Romney is once again trying to play by a different set of rules. When he ran for governor of Massachusetts, Mitt Romney promised to create jobs, touting his decades of experience in the private sector as the No. 1 reason why he was fit to lead. Instead, he led his state to the bottom—to a staggering 47th out of 50 in job creation. Under Romney, Massachusetts’s economy grew at a slower rate than the national economy every year he was in office. Manufacturing jobs were lost at twice the national average, which was the third-worst record in the country. And as jobs disappeared, a quarter of a million people left the state. That is an indisputably bad record. So his team is scrambling to come up with an excuse for why Romney failed to deliver on his promise to create jobs in Massachusetts, and here’s what they’ve come up with: Romney inherited a bad economy and should only be judged on the state’s economic performance the last year he was in office. Oh, really? By that standard, the Romney campaign should judge the President on the 4.3 million private-sector jobs his policies have created since he turned the economy around from the worst economic crisis since the Great Depression. Or, as Steve Benen over at MSNBC’s Maddow Blog notes , “If Romney’s to be congratulated for inheriting an economy that was struggling but then turning things around a little, by that identical standard, he ought to be patting Obama on the back for a job well done.” After all, for a fair comparison, President Obama has created five times more jobs in Massachusetts than Romney did as governor over the first 39 months of their terms. And even if you only compare one year, over the past 12 months, the number of U.S. jobs has grown by 1.8 million nationwide—a 1.4 percent increase. In Romney’s last year in office, the number of jobs grew by 40,500, a 1.3 percent increase. But the real point here is that Romney is once again trying to play by a different set of rules. He doesn’t think he should be held to the same standard he and his team have used to attack the President’s record—and that undercuts the very argument he’s used against President Obama’s handling of our economic crisis.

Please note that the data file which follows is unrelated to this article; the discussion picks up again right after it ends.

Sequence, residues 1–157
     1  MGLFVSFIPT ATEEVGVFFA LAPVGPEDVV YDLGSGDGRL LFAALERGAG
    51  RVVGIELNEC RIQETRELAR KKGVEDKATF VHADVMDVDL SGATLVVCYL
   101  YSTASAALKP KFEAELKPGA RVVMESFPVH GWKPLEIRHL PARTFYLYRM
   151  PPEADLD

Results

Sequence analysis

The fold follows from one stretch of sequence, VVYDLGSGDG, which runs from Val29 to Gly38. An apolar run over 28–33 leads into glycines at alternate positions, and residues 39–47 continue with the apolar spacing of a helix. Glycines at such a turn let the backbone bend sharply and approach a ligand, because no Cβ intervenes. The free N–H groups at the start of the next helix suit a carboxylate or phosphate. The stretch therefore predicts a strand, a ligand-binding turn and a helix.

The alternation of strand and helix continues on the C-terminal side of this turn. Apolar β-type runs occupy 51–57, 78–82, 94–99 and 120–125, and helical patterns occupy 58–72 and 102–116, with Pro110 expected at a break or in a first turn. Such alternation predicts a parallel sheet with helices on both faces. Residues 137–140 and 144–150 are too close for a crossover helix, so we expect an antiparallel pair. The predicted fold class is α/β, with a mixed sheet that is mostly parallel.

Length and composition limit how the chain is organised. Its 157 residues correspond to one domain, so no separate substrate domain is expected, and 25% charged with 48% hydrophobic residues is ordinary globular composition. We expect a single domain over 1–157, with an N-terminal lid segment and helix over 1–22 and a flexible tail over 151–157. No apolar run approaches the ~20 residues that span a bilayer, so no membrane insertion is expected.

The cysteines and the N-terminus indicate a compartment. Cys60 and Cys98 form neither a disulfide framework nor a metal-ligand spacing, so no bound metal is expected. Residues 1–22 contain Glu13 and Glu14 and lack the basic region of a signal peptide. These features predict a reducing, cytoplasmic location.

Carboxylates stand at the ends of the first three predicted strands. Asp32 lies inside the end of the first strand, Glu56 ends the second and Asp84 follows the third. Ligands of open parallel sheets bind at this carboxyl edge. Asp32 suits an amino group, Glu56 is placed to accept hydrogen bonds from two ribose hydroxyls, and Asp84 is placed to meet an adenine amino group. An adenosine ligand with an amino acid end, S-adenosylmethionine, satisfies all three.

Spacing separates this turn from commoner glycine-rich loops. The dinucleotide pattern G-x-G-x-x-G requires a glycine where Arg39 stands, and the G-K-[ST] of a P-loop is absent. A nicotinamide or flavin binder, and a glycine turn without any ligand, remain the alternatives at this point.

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Mitt Romney’s double standard